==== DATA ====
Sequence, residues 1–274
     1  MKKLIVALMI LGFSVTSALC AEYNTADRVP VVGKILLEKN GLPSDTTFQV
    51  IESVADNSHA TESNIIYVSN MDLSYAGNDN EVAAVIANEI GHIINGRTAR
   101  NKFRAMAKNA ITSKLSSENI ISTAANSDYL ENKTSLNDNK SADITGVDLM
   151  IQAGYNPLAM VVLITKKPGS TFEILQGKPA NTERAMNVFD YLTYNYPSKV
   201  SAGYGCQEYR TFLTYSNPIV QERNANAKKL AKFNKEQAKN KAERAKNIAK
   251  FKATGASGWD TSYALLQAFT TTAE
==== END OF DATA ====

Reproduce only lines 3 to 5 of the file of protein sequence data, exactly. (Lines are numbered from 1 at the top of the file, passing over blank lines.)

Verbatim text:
    51  IESVADNSHA TESNIIYVSN MDLSYAGNDN EVAAVIANEI GHIINGRTAR
   101  NKFRAMAKNA ITSKLSSENI ISTAANSDYL ENKTSLNDNK SADITGVDLM
   151  IQAGYNPLAM VVLITKKPGS TFEILQGKPA NTERAMNVFD YLTYNYPSKV